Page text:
A+ for Leeds University After Petting Zoo Cancelled
Compassion and common sense won out this week when Leeds University cancelled plans to host a petting zoo on campus during exam season following an urgent letter that we sent to the university’s vice chancellor laying out the facts. And our call was backed up by many compassionate students, who also voiced objections. If you were one of them, thank you!
Animals don’t enjoy being dragged around the country and manhandled by strangers, and petting zoos contribute to a cruel cycle of breeding, abandonment and killing. Exhibitors take young animals on the road and, if they survive the stress of transport and handling, typically dispose of them when they become more difficult to handle, replacing them with new animals.
Even at the “best” zoos, animals are rarely kept in normal social or family groups. Cages are usually very small and inhibit or prevent natural behaviour, including running, scavenging and selecting partners. The animals’ frustrations can lead to abnormal, neurotic and even self-destructive behaviour.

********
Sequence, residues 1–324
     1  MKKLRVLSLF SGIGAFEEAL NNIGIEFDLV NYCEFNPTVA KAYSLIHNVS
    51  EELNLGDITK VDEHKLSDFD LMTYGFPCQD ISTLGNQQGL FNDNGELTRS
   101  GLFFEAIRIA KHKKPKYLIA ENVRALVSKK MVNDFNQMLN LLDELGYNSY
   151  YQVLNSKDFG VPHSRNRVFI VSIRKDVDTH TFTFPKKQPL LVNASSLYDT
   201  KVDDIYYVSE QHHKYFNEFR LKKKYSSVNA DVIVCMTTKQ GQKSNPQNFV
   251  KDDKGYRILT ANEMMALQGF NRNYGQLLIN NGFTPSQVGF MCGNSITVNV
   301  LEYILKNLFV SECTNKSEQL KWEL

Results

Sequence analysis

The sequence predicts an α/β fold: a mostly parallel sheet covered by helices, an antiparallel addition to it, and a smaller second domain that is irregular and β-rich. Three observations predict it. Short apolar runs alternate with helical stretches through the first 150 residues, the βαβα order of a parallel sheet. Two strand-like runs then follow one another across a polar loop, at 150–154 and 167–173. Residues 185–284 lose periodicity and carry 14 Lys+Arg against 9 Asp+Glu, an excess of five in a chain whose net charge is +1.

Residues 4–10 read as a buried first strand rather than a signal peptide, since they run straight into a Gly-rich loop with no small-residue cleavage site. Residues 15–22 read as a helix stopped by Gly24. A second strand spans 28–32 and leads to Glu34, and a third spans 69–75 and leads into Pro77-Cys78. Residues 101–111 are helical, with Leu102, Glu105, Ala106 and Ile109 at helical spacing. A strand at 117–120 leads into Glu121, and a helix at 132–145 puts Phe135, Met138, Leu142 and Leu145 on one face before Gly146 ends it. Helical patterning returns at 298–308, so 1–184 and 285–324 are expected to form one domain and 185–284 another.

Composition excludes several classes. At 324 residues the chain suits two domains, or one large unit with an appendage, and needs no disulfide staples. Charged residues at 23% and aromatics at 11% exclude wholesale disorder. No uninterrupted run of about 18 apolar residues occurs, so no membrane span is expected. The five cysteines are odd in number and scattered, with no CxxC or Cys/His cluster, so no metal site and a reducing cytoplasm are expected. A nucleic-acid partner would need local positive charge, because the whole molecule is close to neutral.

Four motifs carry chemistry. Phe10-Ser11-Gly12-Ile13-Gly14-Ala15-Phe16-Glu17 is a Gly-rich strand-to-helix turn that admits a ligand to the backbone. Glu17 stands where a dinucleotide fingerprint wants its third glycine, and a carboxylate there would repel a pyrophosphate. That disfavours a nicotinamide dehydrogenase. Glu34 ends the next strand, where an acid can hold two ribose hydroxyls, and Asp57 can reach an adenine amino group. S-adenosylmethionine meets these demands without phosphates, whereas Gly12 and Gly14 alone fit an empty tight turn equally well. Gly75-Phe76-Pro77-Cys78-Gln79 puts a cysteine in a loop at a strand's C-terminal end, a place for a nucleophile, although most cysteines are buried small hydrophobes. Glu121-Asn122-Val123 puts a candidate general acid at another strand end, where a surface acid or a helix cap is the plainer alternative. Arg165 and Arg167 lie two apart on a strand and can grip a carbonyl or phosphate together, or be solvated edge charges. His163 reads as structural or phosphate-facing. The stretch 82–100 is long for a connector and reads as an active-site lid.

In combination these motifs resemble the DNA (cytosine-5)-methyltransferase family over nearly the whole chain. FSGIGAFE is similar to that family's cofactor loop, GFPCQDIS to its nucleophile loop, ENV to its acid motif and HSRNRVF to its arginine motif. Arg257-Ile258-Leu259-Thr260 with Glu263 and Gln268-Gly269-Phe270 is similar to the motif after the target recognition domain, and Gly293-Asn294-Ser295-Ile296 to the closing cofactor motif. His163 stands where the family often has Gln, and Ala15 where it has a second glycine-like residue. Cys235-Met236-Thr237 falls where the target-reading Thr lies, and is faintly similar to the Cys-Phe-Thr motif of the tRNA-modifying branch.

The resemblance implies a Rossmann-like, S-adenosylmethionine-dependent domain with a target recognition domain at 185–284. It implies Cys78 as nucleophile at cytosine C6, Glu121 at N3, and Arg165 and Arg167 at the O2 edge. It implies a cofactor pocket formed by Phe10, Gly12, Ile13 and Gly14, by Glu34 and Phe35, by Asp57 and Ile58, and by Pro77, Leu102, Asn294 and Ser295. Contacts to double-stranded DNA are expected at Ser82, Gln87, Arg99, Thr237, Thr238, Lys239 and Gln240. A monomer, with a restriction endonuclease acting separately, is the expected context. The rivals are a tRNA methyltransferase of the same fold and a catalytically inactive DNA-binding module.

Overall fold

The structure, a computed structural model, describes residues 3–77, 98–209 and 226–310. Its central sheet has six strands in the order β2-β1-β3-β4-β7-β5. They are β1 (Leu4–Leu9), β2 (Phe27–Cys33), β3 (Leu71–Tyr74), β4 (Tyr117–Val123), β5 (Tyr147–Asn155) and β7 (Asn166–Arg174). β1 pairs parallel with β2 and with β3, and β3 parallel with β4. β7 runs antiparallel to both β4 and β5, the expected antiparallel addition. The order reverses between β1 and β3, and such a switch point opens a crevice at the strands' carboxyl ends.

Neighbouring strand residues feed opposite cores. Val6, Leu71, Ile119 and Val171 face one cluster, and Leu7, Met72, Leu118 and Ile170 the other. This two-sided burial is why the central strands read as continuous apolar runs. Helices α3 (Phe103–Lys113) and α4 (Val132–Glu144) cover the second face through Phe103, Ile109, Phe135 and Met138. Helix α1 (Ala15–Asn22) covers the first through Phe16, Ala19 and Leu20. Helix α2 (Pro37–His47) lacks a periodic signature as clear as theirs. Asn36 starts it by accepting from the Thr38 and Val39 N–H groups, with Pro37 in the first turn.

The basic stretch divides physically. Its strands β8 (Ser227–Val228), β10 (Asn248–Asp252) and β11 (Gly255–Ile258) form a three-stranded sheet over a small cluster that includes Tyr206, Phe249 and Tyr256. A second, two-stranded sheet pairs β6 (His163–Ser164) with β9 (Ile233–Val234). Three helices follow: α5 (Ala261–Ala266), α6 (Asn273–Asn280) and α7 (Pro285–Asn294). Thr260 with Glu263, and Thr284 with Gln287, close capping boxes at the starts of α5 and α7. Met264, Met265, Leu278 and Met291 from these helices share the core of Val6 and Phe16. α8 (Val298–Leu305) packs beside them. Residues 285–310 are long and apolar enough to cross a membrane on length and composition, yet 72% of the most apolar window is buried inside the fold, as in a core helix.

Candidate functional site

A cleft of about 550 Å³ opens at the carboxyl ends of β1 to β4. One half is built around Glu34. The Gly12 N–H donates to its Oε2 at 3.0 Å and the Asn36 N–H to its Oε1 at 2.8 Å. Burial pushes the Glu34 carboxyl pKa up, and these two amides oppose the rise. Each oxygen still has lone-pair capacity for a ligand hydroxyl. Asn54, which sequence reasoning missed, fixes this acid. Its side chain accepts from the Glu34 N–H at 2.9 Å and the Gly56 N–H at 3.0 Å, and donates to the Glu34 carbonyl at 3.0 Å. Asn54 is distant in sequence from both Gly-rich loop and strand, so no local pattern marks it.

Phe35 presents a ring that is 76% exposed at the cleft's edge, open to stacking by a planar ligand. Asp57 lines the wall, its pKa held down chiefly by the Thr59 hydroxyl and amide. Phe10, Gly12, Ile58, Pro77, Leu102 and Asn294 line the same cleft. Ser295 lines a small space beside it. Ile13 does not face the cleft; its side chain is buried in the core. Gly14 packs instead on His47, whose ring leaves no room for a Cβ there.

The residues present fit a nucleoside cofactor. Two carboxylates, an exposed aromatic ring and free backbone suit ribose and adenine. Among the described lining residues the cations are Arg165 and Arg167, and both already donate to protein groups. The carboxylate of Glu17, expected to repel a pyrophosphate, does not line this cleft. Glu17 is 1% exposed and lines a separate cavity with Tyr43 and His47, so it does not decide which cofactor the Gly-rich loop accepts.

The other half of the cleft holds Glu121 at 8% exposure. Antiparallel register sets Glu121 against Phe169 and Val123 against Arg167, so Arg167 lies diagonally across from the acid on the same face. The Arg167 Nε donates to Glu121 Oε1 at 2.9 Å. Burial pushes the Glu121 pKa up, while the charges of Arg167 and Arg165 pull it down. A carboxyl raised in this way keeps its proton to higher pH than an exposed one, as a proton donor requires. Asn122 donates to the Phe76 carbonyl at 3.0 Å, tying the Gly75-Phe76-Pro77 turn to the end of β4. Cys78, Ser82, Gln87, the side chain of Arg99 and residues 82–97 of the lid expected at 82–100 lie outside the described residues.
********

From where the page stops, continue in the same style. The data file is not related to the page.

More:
What’s more, petting zoos can have dire repercussions for humans, too. They’re hotbeds of serious pathogens, including E coli and salmonella bacteria. The area surrounding an animal’s cage can be teeming with bacteria. Those with weakened immune systems are especially at risk, making stressed-out students extra vulnerable. Coming down with a bout of salmonella just as you’re about to sit your finals is hardly likely to help you pass with flying colours – or to reduce your stress levels, for that matter.
Students with study fatigue will instead get to unwind with a bouncy castle. Jumping around releases a rush of endorphins and will be far better for the students’ health – unlike a petting zoo, which puts the health of not only animals but also humans at risk. Other institutions still considering hosting petting zoos should take note: hurting animals is no way to help students.